Keeping EUV Cool

Most of the energy in a laser-produced plasma will be wasted as heat, and that’s a lot of heat to get rid of.


It’s been clear for a long time that EUV lithography sources will be fairly inefficient. The laser-produced plasma (LPP) source concept involves heating a droplet of metallic tin with a high-powered laser to produce a plasma. Only a fraction of the energy of the laser will be converted to light, rather than heat, and less than 1% of the light emitted by the plasma will be at EUV wavelengths.

Tatsuo Enami, general manager for the sales division at Gigaphoton, estimates that the company’s planned 500 W EUV production source will require a 40 kW CO2 drive laser; other sources suggest this power estimate may be unduly optimistic. EUVCoolCO2 lasers themselves are no more than about 20% efficient, at best. In addition, a fully-integrated source will require power for gas and heat management, a pre-pulse laser if one is used, containment of the plasma, and so forth. Ultimately, Enami estimates that the total power demand per EUV stepper is likely to be between 500 kW and 1 megawatt, most of which will be exhausted as waste heat.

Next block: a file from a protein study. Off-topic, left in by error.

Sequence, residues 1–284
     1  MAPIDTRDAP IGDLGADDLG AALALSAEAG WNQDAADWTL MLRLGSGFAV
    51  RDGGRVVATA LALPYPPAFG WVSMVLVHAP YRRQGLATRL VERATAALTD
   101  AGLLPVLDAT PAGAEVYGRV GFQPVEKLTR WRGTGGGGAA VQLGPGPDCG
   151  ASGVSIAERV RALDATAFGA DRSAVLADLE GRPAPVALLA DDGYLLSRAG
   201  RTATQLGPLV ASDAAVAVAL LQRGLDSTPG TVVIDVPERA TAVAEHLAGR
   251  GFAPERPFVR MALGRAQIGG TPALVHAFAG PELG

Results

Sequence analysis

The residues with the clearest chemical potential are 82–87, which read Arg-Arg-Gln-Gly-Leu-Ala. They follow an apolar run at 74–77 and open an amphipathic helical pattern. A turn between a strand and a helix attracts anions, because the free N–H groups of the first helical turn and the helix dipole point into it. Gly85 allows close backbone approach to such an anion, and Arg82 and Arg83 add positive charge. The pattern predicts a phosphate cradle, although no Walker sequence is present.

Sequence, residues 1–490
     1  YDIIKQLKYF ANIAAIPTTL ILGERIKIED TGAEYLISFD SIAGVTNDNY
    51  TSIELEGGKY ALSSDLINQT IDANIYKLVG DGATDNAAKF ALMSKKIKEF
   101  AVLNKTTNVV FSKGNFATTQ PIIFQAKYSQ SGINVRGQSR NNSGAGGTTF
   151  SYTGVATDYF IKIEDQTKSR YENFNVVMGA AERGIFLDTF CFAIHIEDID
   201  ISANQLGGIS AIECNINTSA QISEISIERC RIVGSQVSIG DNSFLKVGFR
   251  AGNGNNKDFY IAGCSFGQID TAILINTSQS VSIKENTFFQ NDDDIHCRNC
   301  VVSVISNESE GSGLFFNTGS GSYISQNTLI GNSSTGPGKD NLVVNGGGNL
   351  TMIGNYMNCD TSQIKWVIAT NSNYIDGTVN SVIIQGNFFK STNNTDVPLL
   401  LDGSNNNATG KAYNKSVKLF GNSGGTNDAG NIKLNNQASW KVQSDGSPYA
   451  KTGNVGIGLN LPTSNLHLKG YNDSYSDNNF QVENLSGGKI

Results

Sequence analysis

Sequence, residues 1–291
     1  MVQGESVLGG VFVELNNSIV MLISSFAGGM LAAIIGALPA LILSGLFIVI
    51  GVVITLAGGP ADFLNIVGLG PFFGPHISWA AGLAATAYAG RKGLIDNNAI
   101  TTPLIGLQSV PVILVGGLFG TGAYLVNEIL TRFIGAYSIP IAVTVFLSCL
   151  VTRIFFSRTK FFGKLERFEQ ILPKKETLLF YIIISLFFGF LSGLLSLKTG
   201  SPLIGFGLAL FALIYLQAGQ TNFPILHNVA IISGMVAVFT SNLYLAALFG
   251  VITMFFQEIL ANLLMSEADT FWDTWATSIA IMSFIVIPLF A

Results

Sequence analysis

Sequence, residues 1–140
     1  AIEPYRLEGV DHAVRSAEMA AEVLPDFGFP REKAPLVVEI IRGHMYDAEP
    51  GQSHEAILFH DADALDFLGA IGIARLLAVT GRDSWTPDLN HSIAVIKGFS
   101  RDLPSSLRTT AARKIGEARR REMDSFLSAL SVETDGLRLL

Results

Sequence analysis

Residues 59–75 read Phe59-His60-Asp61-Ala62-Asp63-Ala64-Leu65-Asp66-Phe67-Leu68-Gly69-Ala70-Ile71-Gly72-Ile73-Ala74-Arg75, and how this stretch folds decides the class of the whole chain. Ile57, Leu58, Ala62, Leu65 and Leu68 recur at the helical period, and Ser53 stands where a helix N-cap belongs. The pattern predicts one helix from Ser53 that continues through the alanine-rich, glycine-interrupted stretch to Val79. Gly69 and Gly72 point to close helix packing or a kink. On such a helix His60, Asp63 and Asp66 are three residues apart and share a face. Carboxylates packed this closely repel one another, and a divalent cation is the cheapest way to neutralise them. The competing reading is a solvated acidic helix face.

That’s a lot of waste heat. Jokes about potential “Silicon Glacier” fab clusters in Alaska and Scandinavia aside, at first glance it looks like EUV systems will face serious heat management challenges. As it turns out, though, Peter Csatáry, M+W Group Head for Global Technologies, estimates that EUV sources will add only a few percent to the power and heat discharge requirements of the fab. While cooling requirements vary depending on country and climate, he said, cooling systems are commonly oversized, allowing some margin for such contingencies as new process equipment. He doesn’t expect major changes to overall fab cooling will be needed to accommodate EUV.
However, the lithography area specifically has not been a major heat generator in the past. Typical ArF lasers for DUV lithography produce about 120 W of output power, with a much more efficient input to output ratio. EUV lithography cells are likely to require more cooling water and larger piping.

It’s also important to remember that cooling for the EUV exposure source is a separate issue from thermal management for the exposure module itself. The optics, reticle, and wafer must all be kept under vacuum, and the temperatures of all three elements must be controlled to within a fraction of a degree in order to maintain the desired image resolution. This is a more difficult challenge, and one that even building the fab on a glacier won’t solve.


memister says:

It’s also important to note some other details. The EUV source doesn’t just generate EUV, it also generates DUV and infrared (IR) wavelengths, and these also contribute to heating. An ArF laser is extremely wavelength-efficient, so to speak, only producing 193 nm, so the total power to the wafer is also less. The EUV system must also be under vacuum, so the vacuum pumps must be on all the time, and cooled as well.

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